A green all of her own.

Thanks to following Alejna’s ever-clever lead, I signed up to participate in The Great Interview Experiment over at Citizen of the Month. I tried this once before and was a total failure. I couldn’t get out of my own way and get any questions together … and I guess the blogger who was supposed to interview me had the same problem because I never got any interview questions. But when I saw Alejna’s bright, shiny success, I was inspired to try again.

Happily, Neil paired me up with Discovering Jade. The Chinese call Jade the Stone of Heaven.  Its color is described as being a green like no other. Yes, exactly. The first post I read seemed to be written straight out of my own head, and I thought: “Ok, yeah, this is going to work.”  Jade and I are really not at all alike, as it turns out … but we are, too.  I’ve had a pleasure reading through her blog and an even greater pleasure emailing her and figuring out questions to ask her and reading her answers.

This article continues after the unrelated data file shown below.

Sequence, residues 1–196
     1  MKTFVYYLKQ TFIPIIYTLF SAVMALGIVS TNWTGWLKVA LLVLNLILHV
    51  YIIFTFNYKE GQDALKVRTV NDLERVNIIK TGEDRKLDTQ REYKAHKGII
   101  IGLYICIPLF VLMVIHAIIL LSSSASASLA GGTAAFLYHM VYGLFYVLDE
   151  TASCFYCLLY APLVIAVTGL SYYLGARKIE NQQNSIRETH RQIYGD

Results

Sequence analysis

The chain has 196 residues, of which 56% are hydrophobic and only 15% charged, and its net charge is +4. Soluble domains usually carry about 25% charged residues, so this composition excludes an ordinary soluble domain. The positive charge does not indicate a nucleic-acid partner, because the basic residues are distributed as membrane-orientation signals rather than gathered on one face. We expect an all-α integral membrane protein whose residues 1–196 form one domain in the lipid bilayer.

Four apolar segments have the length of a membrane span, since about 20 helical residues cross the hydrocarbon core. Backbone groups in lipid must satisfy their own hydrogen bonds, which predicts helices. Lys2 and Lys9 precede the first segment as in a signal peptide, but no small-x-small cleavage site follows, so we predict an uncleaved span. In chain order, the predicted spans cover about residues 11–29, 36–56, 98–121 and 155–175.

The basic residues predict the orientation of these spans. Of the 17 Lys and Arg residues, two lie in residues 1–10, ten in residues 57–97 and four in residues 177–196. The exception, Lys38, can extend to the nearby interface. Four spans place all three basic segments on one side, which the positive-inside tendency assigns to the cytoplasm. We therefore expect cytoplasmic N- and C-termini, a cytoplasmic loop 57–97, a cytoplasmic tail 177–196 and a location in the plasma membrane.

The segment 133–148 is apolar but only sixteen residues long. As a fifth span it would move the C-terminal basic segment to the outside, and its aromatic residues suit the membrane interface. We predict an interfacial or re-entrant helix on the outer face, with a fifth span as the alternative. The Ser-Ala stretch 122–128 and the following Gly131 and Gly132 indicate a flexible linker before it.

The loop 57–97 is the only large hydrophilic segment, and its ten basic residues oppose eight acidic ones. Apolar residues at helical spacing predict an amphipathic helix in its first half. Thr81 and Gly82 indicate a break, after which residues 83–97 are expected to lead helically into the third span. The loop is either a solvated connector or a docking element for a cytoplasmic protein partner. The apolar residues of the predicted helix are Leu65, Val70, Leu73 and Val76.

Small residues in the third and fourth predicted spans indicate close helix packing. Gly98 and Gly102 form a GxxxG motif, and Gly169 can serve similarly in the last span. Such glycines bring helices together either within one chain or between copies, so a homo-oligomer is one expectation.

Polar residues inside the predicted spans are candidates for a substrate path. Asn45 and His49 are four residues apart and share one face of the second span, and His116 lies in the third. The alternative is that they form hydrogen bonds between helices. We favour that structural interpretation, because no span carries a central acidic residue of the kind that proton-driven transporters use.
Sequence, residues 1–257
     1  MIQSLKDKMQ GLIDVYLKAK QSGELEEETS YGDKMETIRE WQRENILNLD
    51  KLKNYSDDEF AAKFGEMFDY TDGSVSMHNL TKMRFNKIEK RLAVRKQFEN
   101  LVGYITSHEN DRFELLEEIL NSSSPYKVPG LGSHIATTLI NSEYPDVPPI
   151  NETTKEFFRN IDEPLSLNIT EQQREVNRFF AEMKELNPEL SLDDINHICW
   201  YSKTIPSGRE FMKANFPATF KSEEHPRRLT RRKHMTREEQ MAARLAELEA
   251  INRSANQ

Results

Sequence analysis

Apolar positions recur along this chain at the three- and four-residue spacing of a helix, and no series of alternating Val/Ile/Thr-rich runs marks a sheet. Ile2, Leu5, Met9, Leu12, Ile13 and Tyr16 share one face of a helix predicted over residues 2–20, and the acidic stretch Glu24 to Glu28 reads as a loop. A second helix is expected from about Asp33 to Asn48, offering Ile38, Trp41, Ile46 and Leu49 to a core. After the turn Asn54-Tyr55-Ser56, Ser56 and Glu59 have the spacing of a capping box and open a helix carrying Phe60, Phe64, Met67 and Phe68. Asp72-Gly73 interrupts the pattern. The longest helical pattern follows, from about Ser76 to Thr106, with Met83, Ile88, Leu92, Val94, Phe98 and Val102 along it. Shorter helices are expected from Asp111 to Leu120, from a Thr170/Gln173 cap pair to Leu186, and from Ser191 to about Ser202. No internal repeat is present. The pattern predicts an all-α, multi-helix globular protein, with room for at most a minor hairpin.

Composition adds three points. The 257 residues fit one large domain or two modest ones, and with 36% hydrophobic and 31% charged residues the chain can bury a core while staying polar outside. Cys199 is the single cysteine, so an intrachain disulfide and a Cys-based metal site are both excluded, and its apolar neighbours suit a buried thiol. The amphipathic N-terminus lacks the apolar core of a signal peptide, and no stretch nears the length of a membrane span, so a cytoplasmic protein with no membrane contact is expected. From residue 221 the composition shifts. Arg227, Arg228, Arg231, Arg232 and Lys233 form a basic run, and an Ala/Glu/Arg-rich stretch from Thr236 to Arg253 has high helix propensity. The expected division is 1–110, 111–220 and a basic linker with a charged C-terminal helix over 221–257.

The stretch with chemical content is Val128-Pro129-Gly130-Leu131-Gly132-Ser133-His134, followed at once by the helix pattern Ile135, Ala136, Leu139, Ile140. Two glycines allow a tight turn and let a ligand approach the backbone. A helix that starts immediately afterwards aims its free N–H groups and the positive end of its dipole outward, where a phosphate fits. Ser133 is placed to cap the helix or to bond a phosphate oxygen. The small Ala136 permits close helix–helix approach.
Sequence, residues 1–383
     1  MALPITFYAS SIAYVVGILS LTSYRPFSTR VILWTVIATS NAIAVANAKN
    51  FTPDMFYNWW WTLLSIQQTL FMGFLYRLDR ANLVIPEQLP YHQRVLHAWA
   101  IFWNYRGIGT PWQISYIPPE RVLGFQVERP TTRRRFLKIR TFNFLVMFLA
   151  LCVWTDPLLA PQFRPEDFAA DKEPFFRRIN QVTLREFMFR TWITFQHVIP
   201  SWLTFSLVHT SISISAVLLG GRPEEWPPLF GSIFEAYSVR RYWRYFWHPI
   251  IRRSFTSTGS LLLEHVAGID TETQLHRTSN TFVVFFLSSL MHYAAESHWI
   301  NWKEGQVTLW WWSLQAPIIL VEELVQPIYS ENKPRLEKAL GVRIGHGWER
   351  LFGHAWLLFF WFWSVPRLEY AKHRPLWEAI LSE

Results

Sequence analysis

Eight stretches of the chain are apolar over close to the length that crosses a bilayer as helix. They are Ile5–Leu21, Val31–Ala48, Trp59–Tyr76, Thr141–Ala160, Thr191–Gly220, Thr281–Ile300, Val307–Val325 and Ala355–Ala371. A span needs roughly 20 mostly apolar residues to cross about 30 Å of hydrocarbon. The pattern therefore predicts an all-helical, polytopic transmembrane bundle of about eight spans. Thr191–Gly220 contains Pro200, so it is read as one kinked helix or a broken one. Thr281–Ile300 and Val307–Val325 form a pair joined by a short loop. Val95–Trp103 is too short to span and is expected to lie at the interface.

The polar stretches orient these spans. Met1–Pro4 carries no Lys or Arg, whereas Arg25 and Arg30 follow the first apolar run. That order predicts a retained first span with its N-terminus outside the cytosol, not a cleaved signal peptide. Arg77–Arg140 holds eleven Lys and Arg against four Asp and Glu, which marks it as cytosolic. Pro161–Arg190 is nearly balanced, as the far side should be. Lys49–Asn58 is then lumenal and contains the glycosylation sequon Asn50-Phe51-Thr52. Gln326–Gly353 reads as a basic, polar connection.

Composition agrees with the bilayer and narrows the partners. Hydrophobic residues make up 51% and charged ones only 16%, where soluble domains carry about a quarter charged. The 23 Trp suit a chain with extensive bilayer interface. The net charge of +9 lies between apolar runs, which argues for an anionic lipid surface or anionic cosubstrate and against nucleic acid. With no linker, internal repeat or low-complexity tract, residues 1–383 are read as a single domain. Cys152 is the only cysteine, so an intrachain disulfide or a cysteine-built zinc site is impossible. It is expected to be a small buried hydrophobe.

You get to do that last part, too.  Everyone, meet Jade.

~~~

You started your blog as a kind of meditation to help you get back to your spiritual practice.  Has blogging been helpful to you in that way?

Blogging has really helped me get in touch with my spirituality. What I have come to understand about my own spiritual “self” is quite different from how I felt when I first started, and that has been very surprising. When I started this blog I was just extracting myself from an online Wiccan community/forum. I loved the folks there, but I sort of outgrew the interaction there and the responsibilities I had taken on. When I went my own way, I felt a little lost. That community was such an every-day part of my life, and I developed true friends there and I wanted something like that. I started my blog, and every day that I write something there I feel like I’m talking to an old friend.

You said that writing on your blog is like talking to an old friend.  I get that feeling, too, but I also get the voice in the back of my head that tells me I could say all the same stuff in my journal, so why am I bothering to put it online?  Is there something that particularly draws you to the public journal-writing that is blogging?

I think it was partly the community I was searching for — with an online journal I had the benefit of the few friends from the forums in which I used to participate; they could keep up with me (and I them) and comment/interact with one another via our blogs.